Ang Ku Kueh

Share this article:

Also known as the Red Tortoise Cake in direct translation – these little tortoises are perfect with an afternoon tea. It is believed that eating these tortoises or Ang Ku is a sign of longevity so if there’s a birthday coming up – you know what you can bring for the party!

The recipe uses the Triblade Hand Blender.



200 gram sweet potato, peeled, cut into big chunks
250 to 300 gram glutinous rice flour
150 ml coconut milk
2 tbsp caster sugar
1 tsp salt
1 tbsp oil
1 tsp Red food colouring, add more if required
100ml water, add more if required
Mung bean filling

300 gram mung bean, soaked in water for 1 hr
4 Pandan leave, knotted
135 gram caster sugar
1 tsp salt
3 tbsp shallot oil
3 tbsp water

1 packet of banana leaves. Cut into small pieces that fits the size of the kueh, brush with oil


Preparation of mung bean and sweet potato

1. In a steaming bowl with mung beans, place the knotted pandan leave on it. Place mung beans and sweet potato on the steaming rack, steam at high heat. 15 mins later, remove from heat.
2. Remove pandan leave from the mung bean. Blend mung bean with 5 tbsp water, sugar and salt.
3. Mash sweet potato in a large mixing bowl.
4. In a pan on medium heat, add in 3 tbsp of oil. Pour in the blended mung bean and fry until it is aromatic and dries up slightly. Transfer back into the bowl. Set aside and let cool.
Preparation of the dough

1. In the large bowl with mashed sweet potato, add in oil, coconut milk, salt and sugar.  Blend it into a thick watery texture.
2. Pour in 250g flour, knead with clean hands. Adjust the consistency of the dough with small portions of water and/or flour till the dough does not sticks to hand and the side of the bowl.
3. Add in red colouring, fold till the colour spreads evenly with the dough.
Assembly the kueh

1. Divide the dough and mung bean into 30g balls. Flatten the dough into a disc and place a ball of mung bean in the middle. Wrap carefully and ensure that the mung bean is fully sealed within the dough. Repeat the steps for the remaining dough and filling.
2. Dust the surface of the wrapped dough with a very thin layer of glutinous rice flour. Place it into the mould, press gently to flatten. Knock the sides of the mould to release the kueh and placed it on a piece of greased banana leaf.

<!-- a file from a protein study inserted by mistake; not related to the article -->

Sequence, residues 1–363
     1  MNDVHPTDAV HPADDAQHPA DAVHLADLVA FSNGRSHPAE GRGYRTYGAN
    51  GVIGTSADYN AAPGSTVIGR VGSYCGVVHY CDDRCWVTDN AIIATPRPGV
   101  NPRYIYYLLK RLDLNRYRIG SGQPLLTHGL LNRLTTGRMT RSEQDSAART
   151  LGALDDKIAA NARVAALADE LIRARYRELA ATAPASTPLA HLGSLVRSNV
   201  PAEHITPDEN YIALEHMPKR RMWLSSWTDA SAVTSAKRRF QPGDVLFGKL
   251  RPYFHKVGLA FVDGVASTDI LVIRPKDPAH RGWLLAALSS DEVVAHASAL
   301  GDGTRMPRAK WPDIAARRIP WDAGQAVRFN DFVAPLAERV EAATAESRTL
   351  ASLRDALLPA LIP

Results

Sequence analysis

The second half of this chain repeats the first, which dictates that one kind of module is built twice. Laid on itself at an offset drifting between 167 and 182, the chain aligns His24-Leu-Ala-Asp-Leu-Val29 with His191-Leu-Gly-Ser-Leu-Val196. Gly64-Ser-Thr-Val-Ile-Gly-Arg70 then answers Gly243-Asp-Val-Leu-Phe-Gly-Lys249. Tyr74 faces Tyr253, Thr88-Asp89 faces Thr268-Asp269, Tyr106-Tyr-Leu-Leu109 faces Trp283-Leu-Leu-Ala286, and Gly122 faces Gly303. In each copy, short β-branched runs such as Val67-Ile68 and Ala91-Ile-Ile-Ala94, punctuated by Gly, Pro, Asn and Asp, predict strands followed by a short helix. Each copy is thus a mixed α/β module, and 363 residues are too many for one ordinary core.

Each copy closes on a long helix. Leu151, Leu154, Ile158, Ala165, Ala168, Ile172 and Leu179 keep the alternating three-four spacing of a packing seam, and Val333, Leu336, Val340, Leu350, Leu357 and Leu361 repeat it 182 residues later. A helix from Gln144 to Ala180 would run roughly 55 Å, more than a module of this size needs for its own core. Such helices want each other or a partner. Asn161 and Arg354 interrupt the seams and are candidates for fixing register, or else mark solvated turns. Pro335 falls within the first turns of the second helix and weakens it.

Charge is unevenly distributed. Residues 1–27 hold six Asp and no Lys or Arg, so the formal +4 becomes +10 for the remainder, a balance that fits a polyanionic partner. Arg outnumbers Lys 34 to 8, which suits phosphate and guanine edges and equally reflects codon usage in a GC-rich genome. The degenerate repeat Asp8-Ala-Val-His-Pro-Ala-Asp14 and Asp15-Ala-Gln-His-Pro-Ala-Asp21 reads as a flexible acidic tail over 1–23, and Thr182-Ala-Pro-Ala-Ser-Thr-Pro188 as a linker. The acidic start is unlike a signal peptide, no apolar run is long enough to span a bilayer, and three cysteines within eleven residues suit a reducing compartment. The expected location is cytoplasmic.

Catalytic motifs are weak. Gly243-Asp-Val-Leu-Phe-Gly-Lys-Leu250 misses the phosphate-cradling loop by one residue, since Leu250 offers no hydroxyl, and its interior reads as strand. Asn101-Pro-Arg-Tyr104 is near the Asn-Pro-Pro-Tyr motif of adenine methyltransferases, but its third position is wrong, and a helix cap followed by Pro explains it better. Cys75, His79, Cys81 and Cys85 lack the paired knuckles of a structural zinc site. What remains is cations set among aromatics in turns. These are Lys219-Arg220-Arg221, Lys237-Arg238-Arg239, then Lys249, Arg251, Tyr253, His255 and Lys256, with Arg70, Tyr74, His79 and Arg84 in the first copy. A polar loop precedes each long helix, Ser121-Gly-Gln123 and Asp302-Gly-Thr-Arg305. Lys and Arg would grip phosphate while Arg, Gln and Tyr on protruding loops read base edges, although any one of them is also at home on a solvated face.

Steaming the Ang Ku Kueh

1. Place the Ang Ku Kuehs in the steamer and steam at high heat for 3 minutes.
2. Brush the steamed Ang ku kuehs with a thin layer of oil and let it cool down slightly before serving.


Share this article:




The Great Bay Leaf Conspiracy

Search Google for “bay leaf conspiracy” and the results might shock you: article after article wondering if bay leaves are a true herb, or merely a far-reaching scheme by the culinary industry to get you to put useless leaves into your food. One author, writing for The Awl, wonders: “What does a bay leaf taste like? Nothing. What does a bay leaf smell like? Nothing. What does a bay leaf look like? A leaf.” They’re crazy, right? Bay leaves are a …

Cucur Badak

Cucur Badak is a popular snack that is usually sold at roadside stalls or night markets (pasar malam). The patties are made with orange sweet potatoes and flour, with spicy shredded coconut and dried shrimp fillings.

Changing Lives Through Cooking at De’Divine Cafe

Customers at De’Divine Cafe sometimes laugh when their eyes catch the sign that reads, “Where Gods Come to Eat”. It might sound a little over the top, but this homely cafe is about more than just creating delicious flavours and textures. The sign is a reminder to customers that because of their patronage the establishment can provide culinary training to marginalised youth – mostly girls and young women – from the fringes of society. “We see cooking as a life skill …